In a decision that shocked and angered residents of Colorado’s Western Slope, bureaucrats at the Bureau of Land Management made the unilateral decision to close down more than 2,000 miles of roads in Western Colorado, cutting off access to future energy exploration sites and restricting access of handicapped people to recreational areas.
But what is really bothering citizens in Mesa County is the BLM’s refusal to give any reason whatsoever for the closure of these roads, other than that it is part of the agency’s ambiguous “resource management plan.” Earlier this month, 250 people gathered at the BLM offices in Grand Junction to protest the regulatory changes made by unaccountable BLM bureaucrats.
Most of these roads are more than 50 years old, and because of that, citizens hoping to maintain access to these areas may have an end run around the regulators. According to an article that ran in the Grand Junction Sentinel, the BLM must treat roads that have been in operation for this length of time as highways, exempting them from being arbitrarily closed through a resource management plan.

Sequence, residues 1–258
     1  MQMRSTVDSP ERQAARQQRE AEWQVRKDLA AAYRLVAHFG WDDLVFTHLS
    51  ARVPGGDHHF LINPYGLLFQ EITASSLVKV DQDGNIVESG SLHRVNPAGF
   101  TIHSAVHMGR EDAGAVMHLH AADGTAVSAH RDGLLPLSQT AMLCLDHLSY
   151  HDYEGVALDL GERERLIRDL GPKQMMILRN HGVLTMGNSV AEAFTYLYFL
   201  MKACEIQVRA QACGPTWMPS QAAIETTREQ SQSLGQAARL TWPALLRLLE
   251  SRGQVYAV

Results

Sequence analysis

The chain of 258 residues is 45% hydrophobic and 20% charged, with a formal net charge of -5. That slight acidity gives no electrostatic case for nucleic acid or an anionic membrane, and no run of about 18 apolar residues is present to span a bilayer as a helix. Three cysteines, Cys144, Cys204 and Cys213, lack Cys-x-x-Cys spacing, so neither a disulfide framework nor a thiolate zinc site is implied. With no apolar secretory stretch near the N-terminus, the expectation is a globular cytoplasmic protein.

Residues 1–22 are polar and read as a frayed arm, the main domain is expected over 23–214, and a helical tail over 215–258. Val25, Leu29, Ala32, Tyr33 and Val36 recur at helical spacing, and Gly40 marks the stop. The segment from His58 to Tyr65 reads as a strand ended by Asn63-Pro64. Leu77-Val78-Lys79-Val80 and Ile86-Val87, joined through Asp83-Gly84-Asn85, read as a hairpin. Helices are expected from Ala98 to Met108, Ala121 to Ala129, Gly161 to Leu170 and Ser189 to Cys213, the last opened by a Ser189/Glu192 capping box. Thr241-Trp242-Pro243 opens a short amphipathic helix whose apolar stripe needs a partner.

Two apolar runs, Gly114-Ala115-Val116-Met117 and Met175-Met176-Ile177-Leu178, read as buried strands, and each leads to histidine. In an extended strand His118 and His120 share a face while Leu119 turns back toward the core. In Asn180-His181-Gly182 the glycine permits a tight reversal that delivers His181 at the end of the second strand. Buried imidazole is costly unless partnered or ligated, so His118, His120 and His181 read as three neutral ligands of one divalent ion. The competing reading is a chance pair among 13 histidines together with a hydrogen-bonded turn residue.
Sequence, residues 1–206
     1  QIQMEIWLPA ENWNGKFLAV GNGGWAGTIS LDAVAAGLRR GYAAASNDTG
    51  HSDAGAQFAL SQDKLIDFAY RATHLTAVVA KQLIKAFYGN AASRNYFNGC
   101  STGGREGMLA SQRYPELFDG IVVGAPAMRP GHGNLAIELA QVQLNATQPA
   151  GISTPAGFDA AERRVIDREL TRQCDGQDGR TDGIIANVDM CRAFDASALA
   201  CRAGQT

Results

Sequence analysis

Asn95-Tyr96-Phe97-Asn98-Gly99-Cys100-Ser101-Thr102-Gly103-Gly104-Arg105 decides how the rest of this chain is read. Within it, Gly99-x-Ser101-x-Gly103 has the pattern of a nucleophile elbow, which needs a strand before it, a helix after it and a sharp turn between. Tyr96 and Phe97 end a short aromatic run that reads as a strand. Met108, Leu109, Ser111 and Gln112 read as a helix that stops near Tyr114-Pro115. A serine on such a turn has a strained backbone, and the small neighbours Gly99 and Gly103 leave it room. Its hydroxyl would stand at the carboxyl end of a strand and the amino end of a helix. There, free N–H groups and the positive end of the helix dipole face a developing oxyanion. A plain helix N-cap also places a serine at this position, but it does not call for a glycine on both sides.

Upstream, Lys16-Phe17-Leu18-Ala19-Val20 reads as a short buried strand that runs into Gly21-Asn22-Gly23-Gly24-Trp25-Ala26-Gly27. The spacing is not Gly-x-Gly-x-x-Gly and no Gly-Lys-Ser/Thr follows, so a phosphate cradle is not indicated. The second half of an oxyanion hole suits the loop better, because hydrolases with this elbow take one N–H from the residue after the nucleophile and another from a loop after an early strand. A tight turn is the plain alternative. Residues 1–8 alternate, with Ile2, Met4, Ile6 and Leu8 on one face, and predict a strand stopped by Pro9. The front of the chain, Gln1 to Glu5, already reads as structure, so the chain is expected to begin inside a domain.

Among those pushing back against the BLM is former U.S. Congressman and Mesa County Commissioner Scott McGinnis. The former Congressman had just visited the open space in question when he spoke at the BLM event, and stated that he could see absolutely no abuse of the recreational areas in danger from this ruling. Is there nothing that’s off limits from federal overreach?
Maybe Michael Bloomberg’s statement that there are no roads in Colorado was less him being an arrogant jerk, and more of a prediction?